This blog followed the book of Genesis and the Gospel of Mark in tandem until the latter was completed last week; and will continue with Genesis until it has been completed. The series can be accessed from my archive, starting 01/01/2015. The daily headlines are reminders of the world we live in.
GENESIS 41: 17
These words seemed good in Pharaoh’s eyes and in the eyes of all his servants,
and Pharaoh said to his servants:
Could we find another like him, a man in whom there is the spirit of a god?
Pharaoh said to Yosef:
Since a god has made you to know all this
there is none as wise and as discerning as you.
You shall be The One Over My House!
To your orders shall all my people submit;
only by the throne shall I be greater than you!
Pharaoh said further to Yosef:
See, I place you over all the land of Egypt!
And Pharaoh removed his signet ring from his hand and placed it on Yosef’s hand,
he had him clothed in linen garments and put the gold chain upon his neck;
he had him mount the chariot of his Second-In-Rank and they called out before him Avrekh/ Attention!
Thus he placed him over all the land of Egypt.
Pharaoh said to Yosef:
I am Pharaoh
but without you no man shall raise hand or foot in all the land of Egypt!
Pharaoh called Yosef’s name: Tzafenat Pane’ah/ The God speaks and He lives!
And he gave him Asenat, daughter of Poti Fera, priest of On, as a wife.
And Yosef’s influence went out over all the land of Egypt.
Now Yosef was thirty years old when he stood in the presence of Pharaoh, king of Egypt.
Yosef went out from Pharaoh’s presence and passed through the land of Egypt.
The audience is meant to see that Pharaoh’s response to Yosef’s interpretation of his dreams, is unstintingly generous. He could, presumably, have taken Yosef’s advice then returned him to prison. But the storyteller presents him as moved by the assurance and glamour of Yosef, not least by his claim of divine inspiration. Clearly Pharaoh wants the best for his people and thinks he has found it in Yosef.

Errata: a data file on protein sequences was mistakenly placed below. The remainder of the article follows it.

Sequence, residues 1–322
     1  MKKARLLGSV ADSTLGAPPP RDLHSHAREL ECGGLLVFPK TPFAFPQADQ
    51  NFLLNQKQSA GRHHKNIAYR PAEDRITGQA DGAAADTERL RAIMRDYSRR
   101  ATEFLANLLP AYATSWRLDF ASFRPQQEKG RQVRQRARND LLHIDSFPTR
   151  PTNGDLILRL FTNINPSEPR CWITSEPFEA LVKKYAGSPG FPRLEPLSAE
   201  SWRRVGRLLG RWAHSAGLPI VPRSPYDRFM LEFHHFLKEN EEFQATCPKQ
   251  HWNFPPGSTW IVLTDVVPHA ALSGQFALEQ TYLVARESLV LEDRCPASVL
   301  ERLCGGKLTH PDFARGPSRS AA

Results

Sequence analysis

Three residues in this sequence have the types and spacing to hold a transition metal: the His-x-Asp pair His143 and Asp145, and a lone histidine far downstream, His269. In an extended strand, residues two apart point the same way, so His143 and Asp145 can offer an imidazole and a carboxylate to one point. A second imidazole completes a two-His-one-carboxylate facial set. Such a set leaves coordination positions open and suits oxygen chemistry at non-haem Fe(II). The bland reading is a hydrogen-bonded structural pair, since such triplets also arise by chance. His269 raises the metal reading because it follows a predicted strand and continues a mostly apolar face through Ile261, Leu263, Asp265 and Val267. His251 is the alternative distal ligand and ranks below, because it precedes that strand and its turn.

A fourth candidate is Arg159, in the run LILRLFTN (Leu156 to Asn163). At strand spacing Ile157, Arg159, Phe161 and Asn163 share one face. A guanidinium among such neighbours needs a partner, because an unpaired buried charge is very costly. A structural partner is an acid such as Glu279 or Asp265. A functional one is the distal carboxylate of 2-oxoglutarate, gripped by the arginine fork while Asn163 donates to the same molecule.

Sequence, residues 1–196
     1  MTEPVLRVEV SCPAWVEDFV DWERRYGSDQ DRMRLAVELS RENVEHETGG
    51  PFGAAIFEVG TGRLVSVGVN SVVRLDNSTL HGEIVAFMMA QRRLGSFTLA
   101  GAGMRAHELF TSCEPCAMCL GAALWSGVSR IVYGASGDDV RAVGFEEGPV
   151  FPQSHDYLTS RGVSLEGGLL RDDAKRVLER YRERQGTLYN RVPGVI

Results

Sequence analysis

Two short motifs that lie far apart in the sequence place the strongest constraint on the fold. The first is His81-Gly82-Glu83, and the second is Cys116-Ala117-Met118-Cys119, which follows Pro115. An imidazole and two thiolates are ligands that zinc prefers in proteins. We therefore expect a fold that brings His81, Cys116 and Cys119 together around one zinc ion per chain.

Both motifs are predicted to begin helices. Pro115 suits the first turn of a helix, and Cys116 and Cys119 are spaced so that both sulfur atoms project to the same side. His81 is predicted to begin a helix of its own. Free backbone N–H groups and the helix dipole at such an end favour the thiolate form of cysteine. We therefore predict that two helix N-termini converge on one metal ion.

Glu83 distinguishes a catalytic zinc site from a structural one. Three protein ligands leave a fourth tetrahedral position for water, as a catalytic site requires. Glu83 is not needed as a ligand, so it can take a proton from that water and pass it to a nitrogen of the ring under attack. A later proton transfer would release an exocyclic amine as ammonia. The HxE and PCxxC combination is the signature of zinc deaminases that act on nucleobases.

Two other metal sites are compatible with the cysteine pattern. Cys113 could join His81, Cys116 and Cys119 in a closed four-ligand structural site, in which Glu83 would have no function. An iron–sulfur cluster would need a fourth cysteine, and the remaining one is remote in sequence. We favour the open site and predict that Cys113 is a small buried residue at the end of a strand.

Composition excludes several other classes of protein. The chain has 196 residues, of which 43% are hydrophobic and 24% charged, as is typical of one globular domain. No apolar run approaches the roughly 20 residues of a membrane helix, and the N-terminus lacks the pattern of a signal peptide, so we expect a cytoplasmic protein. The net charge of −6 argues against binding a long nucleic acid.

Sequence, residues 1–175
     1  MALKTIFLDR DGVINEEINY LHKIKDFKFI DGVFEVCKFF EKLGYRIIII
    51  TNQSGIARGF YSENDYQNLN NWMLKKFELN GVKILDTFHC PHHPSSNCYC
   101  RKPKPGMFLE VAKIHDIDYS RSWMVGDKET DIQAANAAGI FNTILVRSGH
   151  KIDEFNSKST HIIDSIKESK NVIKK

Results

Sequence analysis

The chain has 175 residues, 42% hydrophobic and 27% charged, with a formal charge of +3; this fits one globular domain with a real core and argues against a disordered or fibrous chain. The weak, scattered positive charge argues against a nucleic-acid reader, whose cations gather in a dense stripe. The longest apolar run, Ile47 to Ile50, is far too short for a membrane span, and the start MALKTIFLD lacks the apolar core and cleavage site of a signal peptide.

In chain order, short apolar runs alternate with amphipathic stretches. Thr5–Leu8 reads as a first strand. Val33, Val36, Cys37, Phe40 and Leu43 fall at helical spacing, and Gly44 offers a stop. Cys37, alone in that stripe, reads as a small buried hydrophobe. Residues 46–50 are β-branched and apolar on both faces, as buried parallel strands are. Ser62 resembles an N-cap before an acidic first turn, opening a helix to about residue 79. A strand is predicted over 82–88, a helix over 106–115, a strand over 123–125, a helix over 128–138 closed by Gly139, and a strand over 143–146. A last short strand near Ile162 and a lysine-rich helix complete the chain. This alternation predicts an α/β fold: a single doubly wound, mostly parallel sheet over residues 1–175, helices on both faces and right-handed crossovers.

Still there are small uncomfortable details that the audience is meant to pick up. Pharaoh’s all powerful words of favour to Yosef remind us of YHWH’s words to Avraham, Yitzhak and Yaakov, and his naming of Yosef of YHWH’s renaming of Avram and Yaakov. Yosef accepts an Egyptian wife without protest whereas the true fathers of Israel have been required to find wives from within their own clan.
Even in the moment of Yosef’s triumph in Egypt the storyteller hints that YHWH’s approval and Pharaoh’s may not match precisely. The audience is intended to wonder whether Yosef’s allegiance to Pharaoh is wholly compatible with his allegiance to God.
There is an unresolved ambiguity in the Hebrew bible with regard to the man/woman of God and political rule. On the one hand the storytellers and prophets want the ruler to be a man/ woman of God and to bring God’s justice to the affairs of the nation. On the other hand, there is something about the nature of political power that verges on disrespect for the rule of God. The story of Saul illustrates this ambiguity. Although the Genesis storyteller admires his hero Yosef, something of that ambiguity is present in his account of Yosef’s time of power in Egypt.